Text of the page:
JOHANNESBURG — World Gold Council executives have held talks in Johannesburg to pave the way for the introduction of a global conflict-free gold standard.
Still under discussion as a draft, the proposed standard aims to create absolute trust that the gold produced under its aegis is in no way tainted by armed conflict or human rights abuses.
“We have engaged with governments all over the world,” World Gold Council director Terry Heymann, accompanied by senior adviser Edward Bickham and consultant Justine McGuinness, told Mining Weekly Online.
The team has already held roundtable talks in South America, North America, Europe and in several other African countries, as part of a consultation process that ends in Australia next week.
“The gold mining industry takes its responsibility very seriously in ensuring that gold doesn’t fuel conflict and is working hard to develop a standard that is internationally recognised.
“I would hope by the end of the year, at the latest, there will be finality, but it does depend on what we hear through the consultation process,” Heymann said.
The draft has been developed in close collaboration with the council members, which make up the who’s who of global gold mining and include South Africa’s two top gold miners AngloGold Ashanti and Gold Fields, both of which have global reach.
The implementation of the conflict-free gold standard is likely to require the concomitant formalisation of market access by small-scale artisanal miners as part of separate processes, which do not fall within the council’s ambit. There are said to be more than two-million informal artisanal miners in the Democratic Republic of Congo (DRC) alone and their formalisation is being addressed by the Organisation for Economic Cooperation and Development’s (OECD’s) guidance on responsible mineral supply from conflict areas.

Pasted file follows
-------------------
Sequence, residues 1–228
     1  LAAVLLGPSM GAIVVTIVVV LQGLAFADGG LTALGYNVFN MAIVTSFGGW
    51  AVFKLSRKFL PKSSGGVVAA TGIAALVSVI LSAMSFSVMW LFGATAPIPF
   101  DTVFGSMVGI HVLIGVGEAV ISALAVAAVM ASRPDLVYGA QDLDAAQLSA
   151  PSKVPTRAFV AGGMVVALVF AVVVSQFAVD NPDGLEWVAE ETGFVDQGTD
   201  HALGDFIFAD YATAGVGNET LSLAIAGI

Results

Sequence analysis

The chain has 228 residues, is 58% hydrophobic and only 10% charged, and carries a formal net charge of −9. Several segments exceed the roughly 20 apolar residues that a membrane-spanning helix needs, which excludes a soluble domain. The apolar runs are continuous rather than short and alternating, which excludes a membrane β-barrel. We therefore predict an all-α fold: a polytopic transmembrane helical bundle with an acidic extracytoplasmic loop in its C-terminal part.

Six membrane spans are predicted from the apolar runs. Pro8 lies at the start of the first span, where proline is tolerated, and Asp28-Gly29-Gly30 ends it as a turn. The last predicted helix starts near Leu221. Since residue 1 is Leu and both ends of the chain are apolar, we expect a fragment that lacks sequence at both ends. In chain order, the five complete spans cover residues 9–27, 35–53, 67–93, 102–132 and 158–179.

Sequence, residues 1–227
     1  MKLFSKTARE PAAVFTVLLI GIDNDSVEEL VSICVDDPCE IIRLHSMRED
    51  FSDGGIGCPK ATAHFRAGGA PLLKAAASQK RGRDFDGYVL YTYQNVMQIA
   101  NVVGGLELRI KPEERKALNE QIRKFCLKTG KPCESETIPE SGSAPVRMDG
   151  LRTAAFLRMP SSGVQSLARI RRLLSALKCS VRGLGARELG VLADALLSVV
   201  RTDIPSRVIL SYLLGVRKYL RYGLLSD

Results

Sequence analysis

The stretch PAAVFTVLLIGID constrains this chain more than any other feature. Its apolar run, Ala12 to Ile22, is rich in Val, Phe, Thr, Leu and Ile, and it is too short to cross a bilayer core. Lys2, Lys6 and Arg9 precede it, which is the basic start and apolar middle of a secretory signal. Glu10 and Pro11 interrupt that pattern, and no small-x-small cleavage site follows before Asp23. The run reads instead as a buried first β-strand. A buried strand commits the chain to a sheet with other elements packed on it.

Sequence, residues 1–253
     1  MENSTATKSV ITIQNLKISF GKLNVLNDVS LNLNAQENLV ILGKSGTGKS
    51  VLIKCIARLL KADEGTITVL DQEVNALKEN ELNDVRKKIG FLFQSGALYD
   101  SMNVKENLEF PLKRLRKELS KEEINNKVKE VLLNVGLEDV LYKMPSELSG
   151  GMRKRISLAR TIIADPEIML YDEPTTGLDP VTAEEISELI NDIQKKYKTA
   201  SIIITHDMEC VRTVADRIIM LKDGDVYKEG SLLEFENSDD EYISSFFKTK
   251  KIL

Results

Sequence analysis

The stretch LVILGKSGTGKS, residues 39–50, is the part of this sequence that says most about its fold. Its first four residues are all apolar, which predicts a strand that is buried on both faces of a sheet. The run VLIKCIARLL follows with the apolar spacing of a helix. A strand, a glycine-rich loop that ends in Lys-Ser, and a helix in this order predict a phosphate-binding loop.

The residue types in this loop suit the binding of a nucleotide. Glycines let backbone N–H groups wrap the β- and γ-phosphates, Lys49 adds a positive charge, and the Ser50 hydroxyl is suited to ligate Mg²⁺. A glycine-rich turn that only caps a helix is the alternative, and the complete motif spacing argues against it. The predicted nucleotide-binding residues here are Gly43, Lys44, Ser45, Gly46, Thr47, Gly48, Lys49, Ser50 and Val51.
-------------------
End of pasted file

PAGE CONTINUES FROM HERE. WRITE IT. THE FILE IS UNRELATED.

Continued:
The Dodd-Frank Act of the US also obliges the US’s Securities and Exchange Commission (SEC) to impose disclosure and, in some instances, auditing requirements on publicly traded companies that use tin, tungsten, tantalum and gold from the DRC and the countries adjoining it.
After missing its April, 2011, deadline, the SEC said it would meet next month, on August 22, to vote on two sets of Dodd-Frank rules.
“It’s high time that the SEC does so because it’s leaving many companies in the dark,” International Crisis Group Central African project director Thierry Vircoulon told Mining Weekly Online.
In DRC-neighbouring Rwanda, authorities last year introduced a tagging and certification-of-origin scheme to create a “clean and transparent” supply chain from mines that operate in legally insecure areas wracked by militia groups and errant army commanders, who keep an illicit grip on the minerals trade.
Despite the successful demilitarisation of a number of combatants across the DRC, the government and its international partners continue to experience problems with disarmament, demobilisation and reintegration in the North and South Kivu provinces.
“It’s a matter of telling governments very bluntly that they either create a clean supply chain from the Kivus or find themselves partly out of business,” is Vircoulon’s view.
South African-born Tinco CEO Brian Menell told Mining Weekly Online last year that while tagging and certification were tedious and expensive, their enforcement was having the desired affect in Rwanda. — Agencies